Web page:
What dismissal is
A dismissal is when an employer ends an employee's contract. It usually means the same as being sacked or fired.
It's important that an employer uses a fair and reasonable procedure to decide whether to dismiss someone.
Before an employer dismisses an employee, they should:
- believe they have a valid reason – read about types of dismissal and reasons to dismiss someone fairly
- follow a full and fair procedure, usually in line with the Acas Code of Practice on disciplinary and grievance procedures
- make a decision that's balanced, consistent and as fair as possible
The procedure an employer follows will be taken into account if an employee claims for unfair dismissal and the case reaches an employment tribunal.
Giving the reasons for dismissal
If an employer dismisses an employee, they should tell the employee:
- why they've been dismissed
- when their employment contract will end
- their notice period, if there is one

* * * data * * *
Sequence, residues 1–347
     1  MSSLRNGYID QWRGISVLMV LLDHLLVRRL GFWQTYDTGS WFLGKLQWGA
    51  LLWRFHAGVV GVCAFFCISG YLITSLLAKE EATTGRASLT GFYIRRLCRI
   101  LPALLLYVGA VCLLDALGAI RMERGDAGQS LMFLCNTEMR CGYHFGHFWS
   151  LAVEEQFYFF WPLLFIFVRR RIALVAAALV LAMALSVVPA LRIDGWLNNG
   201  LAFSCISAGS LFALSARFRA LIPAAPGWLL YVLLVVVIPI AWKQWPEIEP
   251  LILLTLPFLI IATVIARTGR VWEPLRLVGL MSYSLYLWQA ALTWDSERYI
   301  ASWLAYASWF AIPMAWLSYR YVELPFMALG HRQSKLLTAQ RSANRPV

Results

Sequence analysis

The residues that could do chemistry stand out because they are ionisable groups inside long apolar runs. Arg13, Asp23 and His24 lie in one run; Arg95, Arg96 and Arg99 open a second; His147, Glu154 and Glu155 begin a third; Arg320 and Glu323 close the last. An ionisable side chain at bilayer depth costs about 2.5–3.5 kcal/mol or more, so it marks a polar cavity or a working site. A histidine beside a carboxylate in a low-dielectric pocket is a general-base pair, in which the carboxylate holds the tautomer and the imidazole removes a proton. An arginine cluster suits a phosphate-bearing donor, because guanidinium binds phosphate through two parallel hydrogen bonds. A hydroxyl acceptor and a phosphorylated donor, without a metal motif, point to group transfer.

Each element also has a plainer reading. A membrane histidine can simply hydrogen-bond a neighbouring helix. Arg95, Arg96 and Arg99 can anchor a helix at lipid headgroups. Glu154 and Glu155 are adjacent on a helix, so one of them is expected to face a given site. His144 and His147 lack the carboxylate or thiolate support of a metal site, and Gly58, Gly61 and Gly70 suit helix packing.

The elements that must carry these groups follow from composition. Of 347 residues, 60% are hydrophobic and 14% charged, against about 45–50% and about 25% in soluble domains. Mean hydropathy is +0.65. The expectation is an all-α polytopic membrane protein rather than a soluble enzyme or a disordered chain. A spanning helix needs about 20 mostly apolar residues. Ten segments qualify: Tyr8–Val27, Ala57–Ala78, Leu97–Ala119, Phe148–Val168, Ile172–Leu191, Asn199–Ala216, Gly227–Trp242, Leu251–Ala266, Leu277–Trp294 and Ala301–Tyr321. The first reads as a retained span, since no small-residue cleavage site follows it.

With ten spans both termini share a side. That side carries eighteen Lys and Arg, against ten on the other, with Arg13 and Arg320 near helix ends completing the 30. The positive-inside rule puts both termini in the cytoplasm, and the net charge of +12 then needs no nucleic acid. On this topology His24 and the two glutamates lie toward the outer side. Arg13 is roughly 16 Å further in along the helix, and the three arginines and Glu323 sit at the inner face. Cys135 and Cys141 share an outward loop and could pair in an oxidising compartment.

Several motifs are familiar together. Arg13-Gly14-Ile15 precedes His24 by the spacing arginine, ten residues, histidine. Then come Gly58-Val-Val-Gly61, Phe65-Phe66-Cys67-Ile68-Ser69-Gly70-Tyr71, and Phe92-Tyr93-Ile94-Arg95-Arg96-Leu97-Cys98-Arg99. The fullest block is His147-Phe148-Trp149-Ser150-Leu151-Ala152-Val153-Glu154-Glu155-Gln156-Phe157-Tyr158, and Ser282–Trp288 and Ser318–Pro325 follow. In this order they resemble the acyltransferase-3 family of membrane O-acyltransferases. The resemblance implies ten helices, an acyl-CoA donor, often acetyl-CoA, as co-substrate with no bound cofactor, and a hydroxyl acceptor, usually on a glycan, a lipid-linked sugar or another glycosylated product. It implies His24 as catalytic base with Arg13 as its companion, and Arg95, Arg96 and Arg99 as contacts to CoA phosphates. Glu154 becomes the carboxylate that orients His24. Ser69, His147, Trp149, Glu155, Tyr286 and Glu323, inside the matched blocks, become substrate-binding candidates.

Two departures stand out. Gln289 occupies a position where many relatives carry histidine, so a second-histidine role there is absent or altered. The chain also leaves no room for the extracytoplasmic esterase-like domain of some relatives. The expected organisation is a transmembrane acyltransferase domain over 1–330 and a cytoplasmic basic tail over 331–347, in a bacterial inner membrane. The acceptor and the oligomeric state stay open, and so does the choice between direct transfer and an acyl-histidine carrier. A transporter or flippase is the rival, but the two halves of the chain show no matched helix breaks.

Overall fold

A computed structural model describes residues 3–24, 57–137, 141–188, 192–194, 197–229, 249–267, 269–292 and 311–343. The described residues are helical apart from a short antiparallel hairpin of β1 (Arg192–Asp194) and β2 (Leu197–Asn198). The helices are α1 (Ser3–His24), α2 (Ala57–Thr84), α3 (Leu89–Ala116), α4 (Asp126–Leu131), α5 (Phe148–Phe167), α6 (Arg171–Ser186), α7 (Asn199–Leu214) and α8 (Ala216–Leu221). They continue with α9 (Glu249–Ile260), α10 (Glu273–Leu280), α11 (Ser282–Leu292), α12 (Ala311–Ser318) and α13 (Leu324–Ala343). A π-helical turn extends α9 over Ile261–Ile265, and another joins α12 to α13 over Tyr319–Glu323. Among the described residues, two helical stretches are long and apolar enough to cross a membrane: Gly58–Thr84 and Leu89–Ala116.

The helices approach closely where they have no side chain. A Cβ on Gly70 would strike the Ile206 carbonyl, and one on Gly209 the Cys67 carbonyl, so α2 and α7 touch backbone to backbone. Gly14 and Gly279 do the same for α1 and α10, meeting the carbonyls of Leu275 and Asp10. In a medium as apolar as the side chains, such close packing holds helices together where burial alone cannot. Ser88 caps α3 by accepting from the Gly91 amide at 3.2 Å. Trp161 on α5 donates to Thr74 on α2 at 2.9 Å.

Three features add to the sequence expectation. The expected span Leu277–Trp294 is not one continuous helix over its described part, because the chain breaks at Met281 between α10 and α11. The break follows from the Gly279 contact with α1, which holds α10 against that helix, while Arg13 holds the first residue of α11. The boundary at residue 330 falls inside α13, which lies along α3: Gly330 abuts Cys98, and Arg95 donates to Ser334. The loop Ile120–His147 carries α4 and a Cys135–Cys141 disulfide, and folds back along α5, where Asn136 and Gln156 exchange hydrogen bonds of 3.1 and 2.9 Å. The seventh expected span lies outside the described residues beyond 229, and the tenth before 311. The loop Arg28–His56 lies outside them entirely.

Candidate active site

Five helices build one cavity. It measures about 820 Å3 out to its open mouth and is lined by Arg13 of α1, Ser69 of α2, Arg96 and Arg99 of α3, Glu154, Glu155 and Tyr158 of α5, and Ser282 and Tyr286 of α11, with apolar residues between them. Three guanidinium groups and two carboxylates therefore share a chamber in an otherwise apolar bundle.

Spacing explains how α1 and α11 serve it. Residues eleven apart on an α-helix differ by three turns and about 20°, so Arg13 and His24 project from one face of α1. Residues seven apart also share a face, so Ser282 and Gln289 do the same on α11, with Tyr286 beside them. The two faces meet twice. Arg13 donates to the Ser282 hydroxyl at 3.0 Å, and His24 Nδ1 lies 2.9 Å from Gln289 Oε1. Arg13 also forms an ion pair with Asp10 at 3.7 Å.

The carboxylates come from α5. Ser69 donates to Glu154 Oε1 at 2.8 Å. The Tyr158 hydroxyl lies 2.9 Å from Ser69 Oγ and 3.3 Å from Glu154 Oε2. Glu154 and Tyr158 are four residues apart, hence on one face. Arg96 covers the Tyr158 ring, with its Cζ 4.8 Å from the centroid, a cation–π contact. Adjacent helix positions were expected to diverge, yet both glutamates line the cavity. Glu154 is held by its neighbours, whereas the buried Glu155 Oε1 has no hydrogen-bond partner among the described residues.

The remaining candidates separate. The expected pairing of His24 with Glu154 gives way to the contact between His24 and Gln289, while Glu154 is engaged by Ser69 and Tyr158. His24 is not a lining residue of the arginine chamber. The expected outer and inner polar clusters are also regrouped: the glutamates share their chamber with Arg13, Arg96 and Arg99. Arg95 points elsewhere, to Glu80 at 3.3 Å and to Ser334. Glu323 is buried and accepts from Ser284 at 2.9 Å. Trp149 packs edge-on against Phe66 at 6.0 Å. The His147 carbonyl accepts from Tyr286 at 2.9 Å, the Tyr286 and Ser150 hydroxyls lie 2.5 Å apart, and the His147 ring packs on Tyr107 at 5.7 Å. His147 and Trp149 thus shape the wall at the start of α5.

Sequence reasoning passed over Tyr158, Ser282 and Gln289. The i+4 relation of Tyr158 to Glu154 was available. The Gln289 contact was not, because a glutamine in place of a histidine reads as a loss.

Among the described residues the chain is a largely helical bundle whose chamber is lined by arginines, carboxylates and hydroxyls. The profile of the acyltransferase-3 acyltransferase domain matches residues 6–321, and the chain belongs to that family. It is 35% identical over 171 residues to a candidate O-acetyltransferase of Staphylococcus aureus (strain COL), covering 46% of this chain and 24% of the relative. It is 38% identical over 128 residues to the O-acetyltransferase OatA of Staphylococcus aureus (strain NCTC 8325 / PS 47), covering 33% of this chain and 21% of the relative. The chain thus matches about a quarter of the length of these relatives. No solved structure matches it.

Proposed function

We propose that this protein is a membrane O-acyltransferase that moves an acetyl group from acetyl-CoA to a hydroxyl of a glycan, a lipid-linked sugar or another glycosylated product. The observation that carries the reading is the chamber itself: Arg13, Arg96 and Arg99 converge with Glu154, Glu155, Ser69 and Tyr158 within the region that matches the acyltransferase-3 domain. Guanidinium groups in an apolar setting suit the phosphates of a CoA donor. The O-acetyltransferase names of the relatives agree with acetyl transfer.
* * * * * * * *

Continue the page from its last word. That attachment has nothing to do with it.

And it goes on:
- their right to appeal the decision
It's a good idea to put it in writing.
When an employer must put the reasons in writing
An employer must put the reasons in writing for an employee who's pregnant or on maternity leave, regardless of how long they've been employed.
Other employees have the right to ask their employer for a written statement giving the reasons for their dismissal if they have:
- 'employee' employment status
- been employed for 2 years
If an employee asks, their employer must give them the reasons in writing within 14 days.
If an employee believes the dismissal is unfair
An employee can appeal against a dismissal.
If the employer does not follow a fair and reasonable procedure the employee might be able to make a claim for unfair dismissal, even if the reason for dismissal was valid.
Telling other people at work
Employers should respect the confidentiality of the person who's been dismissed. For example, when they tell colleagues and clients that the employee has left. Any outcome of a disciplinary procedure must remain confidential.
A settlement agreement is sometimes used when an employer and employee agree to end their employment relationship because they both agree it's no longer working. This can include some dismissal situations.
If you're thinking about using a settlement agreement, you should get legal advice.